The Arctic Incident sees the slightly older, perhaps slightly more mellow, arch-criminal Artemis recovered from his last adventure, richer now that he has his half-a-hoard of fairy gold, and happier since the Clarice Starling-esque super-fairy Captain Holly Short of the LEPrecon returned his mother's ailing mind to full health.
But there is still much unfinished business: Artemis Fowl Senior disappeared when a daring escapade, designed to free his family from their criminal--not to mention deeply lucrative--past and move the family's assets into legitimate enterprises, went horribly wrong. Held captive by the Mafiya (the Russian organised crime sindicate) for over two years, he has been declared officially dead, but Artemis junior knows in his heart (yes, he does have one) that his beloved father is still alive and determines to find him. Meanwhile Captain Short is temporarily on assignment to Customs and Excise as punishment for letting Fowl separate her and her People from their gold and is finding her stake-out duties a little dull. But it soon becomes obvious that the pair have need of each other's considerable skill base, and before long they are on track for an adventure that will ultimately have far-reaching consequences for both of them.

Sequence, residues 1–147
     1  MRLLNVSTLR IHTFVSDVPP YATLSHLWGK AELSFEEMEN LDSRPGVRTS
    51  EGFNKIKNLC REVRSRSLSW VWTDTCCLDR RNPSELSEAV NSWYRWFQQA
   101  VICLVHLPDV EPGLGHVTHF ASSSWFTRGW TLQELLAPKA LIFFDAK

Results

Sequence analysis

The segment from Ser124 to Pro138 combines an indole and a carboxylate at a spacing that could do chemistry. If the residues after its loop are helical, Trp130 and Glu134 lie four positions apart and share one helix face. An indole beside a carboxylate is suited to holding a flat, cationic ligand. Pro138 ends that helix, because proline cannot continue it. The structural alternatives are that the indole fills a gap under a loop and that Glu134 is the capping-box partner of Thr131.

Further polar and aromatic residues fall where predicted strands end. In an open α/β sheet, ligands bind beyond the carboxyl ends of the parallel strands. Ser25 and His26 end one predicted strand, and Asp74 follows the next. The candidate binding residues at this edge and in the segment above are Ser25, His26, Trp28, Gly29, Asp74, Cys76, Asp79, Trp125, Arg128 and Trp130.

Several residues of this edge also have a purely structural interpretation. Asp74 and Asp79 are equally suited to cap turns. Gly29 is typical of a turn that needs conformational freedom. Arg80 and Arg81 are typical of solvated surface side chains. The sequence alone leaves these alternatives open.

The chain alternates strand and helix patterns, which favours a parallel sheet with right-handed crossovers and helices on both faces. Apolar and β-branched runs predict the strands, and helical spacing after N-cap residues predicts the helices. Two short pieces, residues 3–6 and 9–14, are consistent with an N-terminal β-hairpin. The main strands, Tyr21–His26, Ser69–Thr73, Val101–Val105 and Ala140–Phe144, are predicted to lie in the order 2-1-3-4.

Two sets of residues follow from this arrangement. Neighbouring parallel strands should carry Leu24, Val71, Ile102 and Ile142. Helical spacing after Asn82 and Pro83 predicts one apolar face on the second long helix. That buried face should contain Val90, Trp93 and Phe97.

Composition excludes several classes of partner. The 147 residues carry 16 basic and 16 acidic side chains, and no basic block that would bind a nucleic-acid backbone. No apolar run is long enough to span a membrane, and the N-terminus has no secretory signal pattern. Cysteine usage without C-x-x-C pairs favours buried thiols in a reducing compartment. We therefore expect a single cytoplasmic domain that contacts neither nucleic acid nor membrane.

If you enjoyed the first book, you won't be disappointed by the second. Initially the pace is perhaps a little slower, but once the sparks between Holly and Artemis begin to fly, and the adventure that tests their endurance to their emotional, physical and intellectual limits begins, the pages just keep on turning.
The high-tech hocus pocus and complex James Bond-style storyline will keep even the most reluctant reader enthralled, while the developing tension between Holly and Artemis becomes increasingly intriguing and is more than enough to keep readers coming back for more. Add to the mix a fair dollop of humour, the occasional sprinkling of right-on commentary about the state of the planet, plus the fact there are enough hooks in the story to ensure you will be gagging for Artemis III, this chilling, thrilling adventure is a seriously cool (in more ways than one!) must-read for anyone aged nine or over. --Susan Harrison --This text refers to an out of print or unavailable edition of this title.